Help Your Overweight Cat Lose Extra Pounds

Overweight cat
If you suspect that your cat is overweight, she probably is.

Our cats are getting fatter. As painful as it sounds, it’s painfully true. In a study conducted last year by the Association for Pet Obesity Prevention, 58 percent of cats were classified as overweight or obese by their veterinarians. That means more than 55 million cats are at increased risk for type 2 diabetes, high blood pressure, arthritis, and many forms of cancer. Excess weight is also costing cat owners untold millions in medical costs. You care about your cat; that’s why you should care about your cat’s weight.

How can I tell if my cat is overweight?

The first step in determining whether your cat is overweight is to have her evaluated by your veterinarian. Your vet will use a body condition score (BCS) combined with a weight measurement to accurately assess if your feline is too flabby. There are some easy ways for you to check your cat’s overall body condition and monitor her progress toward her body weight goals. Some simple home tests you can perform include:

  • Rib check. You should be able to easily feel your pet’s ribs under a thin layer of skin. If you’re pushing through a pad of plump, your pet may be too heavy.
  • Tummy test. Does your cat’s belly sag and dip toward the floor? Cats at a healthy weight will actually have a tummy that is taut, tight, and tucked upward instead of dragging down.
  • Waist watch. When you look down at your pet from above, you should see a subtle hourglass silhouette and an obvious waistline.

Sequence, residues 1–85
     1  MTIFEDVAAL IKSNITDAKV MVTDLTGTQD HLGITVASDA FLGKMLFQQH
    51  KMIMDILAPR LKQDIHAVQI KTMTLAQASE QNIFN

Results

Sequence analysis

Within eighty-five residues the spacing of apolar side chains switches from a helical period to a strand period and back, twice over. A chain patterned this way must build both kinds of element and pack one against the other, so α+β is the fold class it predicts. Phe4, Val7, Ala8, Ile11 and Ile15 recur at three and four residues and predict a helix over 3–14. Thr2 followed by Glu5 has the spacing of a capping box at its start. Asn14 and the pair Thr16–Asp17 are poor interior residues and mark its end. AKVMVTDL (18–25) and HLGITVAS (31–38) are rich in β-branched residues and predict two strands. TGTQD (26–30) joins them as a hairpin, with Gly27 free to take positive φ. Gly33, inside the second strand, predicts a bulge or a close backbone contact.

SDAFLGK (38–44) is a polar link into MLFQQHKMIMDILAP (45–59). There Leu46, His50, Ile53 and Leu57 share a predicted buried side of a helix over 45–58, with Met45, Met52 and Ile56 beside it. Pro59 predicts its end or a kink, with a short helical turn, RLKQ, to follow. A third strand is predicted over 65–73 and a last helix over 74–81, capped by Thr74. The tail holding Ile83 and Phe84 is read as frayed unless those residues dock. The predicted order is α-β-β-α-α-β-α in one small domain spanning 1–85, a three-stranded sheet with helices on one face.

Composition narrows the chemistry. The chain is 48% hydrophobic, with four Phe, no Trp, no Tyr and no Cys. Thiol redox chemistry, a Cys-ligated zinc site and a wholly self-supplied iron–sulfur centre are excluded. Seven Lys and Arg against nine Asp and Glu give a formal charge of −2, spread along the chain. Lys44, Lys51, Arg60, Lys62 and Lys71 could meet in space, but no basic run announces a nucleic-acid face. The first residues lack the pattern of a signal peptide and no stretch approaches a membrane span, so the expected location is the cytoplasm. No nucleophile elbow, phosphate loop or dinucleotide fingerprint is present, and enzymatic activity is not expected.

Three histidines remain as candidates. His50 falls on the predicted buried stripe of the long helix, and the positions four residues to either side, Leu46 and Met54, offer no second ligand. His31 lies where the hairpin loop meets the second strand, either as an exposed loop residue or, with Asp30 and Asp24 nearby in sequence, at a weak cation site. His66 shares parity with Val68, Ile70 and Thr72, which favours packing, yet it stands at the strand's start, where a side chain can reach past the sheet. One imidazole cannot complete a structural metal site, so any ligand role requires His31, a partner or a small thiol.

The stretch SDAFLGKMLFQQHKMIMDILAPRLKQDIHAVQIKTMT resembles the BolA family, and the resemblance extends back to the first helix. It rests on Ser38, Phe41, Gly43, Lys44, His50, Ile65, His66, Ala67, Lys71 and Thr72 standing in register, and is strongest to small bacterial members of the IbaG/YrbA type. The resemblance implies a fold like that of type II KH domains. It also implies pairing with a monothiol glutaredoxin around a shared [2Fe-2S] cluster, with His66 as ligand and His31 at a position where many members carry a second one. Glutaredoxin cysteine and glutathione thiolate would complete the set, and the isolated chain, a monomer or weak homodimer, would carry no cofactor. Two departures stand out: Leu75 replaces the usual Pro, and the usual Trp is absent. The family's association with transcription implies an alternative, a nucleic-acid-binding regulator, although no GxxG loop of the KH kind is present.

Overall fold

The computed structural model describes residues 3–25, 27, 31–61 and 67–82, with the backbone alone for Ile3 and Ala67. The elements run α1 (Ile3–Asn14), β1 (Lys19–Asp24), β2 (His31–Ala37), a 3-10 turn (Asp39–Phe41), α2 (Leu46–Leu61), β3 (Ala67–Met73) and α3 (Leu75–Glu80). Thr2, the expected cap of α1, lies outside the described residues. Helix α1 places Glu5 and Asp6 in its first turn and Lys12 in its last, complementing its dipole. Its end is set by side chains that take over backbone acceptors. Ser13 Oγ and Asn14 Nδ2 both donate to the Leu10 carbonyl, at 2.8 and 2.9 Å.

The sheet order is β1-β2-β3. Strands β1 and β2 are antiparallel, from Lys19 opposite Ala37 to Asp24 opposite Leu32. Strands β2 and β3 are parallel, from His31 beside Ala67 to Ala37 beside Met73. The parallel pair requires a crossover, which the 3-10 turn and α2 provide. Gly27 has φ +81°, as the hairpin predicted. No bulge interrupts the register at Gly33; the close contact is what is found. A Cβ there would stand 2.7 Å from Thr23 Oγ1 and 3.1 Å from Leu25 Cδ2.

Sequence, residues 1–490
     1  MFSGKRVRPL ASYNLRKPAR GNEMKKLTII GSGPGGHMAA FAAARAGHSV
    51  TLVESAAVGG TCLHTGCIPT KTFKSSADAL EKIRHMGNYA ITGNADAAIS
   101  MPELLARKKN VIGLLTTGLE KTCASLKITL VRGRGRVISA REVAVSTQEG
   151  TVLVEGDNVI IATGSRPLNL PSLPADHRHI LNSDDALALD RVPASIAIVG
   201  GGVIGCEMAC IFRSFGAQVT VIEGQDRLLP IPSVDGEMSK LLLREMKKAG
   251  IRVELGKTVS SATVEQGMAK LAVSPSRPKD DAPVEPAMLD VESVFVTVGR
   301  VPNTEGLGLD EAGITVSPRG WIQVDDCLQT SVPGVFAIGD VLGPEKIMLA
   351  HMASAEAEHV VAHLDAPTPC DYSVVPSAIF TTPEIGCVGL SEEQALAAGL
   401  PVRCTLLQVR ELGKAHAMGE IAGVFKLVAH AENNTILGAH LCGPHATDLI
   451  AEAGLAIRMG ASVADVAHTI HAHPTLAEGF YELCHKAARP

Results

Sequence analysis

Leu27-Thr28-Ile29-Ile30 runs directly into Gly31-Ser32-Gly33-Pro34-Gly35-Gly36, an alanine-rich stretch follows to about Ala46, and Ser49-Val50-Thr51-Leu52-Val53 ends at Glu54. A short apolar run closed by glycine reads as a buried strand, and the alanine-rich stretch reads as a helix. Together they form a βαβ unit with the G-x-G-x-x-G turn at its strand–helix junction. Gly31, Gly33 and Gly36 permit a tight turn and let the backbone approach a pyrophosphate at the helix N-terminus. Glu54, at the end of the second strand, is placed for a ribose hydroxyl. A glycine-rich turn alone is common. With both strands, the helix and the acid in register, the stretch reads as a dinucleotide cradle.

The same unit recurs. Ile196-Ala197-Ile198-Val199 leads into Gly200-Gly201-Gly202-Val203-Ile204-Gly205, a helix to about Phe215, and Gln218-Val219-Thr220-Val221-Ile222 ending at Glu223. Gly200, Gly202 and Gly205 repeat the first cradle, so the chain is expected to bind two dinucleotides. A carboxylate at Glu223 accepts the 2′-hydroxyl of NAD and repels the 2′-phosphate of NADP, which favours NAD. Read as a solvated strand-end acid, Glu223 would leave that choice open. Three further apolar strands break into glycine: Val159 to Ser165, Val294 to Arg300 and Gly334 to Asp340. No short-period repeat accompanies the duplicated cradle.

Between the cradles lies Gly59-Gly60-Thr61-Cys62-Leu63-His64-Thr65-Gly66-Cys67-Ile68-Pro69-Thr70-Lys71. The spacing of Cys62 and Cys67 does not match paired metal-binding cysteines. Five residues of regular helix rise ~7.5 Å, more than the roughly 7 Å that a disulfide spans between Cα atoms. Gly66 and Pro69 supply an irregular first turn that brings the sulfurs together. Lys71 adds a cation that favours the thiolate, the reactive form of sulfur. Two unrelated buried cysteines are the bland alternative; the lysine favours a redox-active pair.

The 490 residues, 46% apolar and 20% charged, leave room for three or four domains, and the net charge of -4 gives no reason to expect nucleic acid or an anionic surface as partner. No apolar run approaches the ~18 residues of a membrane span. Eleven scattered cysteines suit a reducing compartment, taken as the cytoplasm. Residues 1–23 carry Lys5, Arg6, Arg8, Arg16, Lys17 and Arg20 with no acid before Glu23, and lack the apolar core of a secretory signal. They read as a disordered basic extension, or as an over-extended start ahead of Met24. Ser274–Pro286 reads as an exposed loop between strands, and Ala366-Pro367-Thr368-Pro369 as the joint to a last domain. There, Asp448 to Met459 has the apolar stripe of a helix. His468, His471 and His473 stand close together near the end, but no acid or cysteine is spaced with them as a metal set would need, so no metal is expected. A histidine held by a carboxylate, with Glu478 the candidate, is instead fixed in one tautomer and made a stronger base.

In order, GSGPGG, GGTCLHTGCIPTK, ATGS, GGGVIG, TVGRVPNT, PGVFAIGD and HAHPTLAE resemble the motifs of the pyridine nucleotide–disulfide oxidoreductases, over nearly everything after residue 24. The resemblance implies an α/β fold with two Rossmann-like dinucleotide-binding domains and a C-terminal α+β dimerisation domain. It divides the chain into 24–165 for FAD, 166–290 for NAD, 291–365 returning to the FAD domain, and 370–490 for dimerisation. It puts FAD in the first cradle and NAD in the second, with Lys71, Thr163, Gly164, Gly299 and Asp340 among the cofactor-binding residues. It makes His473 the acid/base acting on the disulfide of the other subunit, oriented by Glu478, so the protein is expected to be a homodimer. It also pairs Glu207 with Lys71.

If you think your cat is carrying a few extra pounds, she probably is.

What does obesity do to my cat?

Obesity is the No. 1 feline health threat. Heavier cats are prone to a number of weight-related disorders. If you need some motivation to help your cat slim down, consider obesity’s consequences:

Decreased life expectancy. Less is more when it comes to feeding your cat. Eating less has been proven to extend life expectancy and reduce the risk of certain diseases in species as diverse as worms, spiders, fish, hamsters, mice, dogs, and monkeys. (Studies in cats are lacking.) If you’re looking for your cat’s fountain of youth, it’s right there in the food bowl.

Diabetes. Increasingly, vets are diagnosing overweight cats with type 2 diabetes. Similar to humans, chubby cats are at tremendous risk for developing diabetes, requiring daily insulin injections. And diabetes has been shown to reduce a pet’s life expectancy. For many cats, type 2 diabetes is largely preventable by simply feeding the correct amount of food. What could be easier?

High blood pressure. Hypertension is a commonly overlooked disorder in cats and is known as the “silent killer” because you can’t see the damage it’s causing until it’s too late. If your cat has packed on extra pounds, your veterinarian may want to measure her blood pressure. This simple test can help detect a disease that causes sudden blindness, heart problems, and kidney failure.

Arthritis. A 2011 study by researchers in the Netherlands examined cats (more than 6 years of age) for signs of arthritis. The study concluded that while 61 percent of tested cats had radiographic (x-ray) evidence of arthritis, few pet owners recognized the signs of this degenerative disease in their cats. As a result, the study authors strongly recommend that x-rays be evaluated in older cats. Even if your cat is carrying as little as one or two extra pounds, those pounds are stressing tiny joints not designed to carry excess weight. Making matters worse, fat cells produce harmful chemicals known as adipocytokines that can damage even non-weight-bearing joints. There is no cure for feline arthritis; we can only minimize the pain.

Cancer. Excess fat has been implicated in the formation of many cancers in animals. The National Cancer Institute estimates that obesity and physical inactivity may account for 25 percent to 30 percent of the major cancers in humans, including colon cancer, breast cancer in postmenopausal women, and kidney cancer. If we use these studies as a benchmark, it’s possible that weight loss may reduce the cancer risk in pets too.

Join the Conversation

Like this article? Have a point of view to share? Let us know!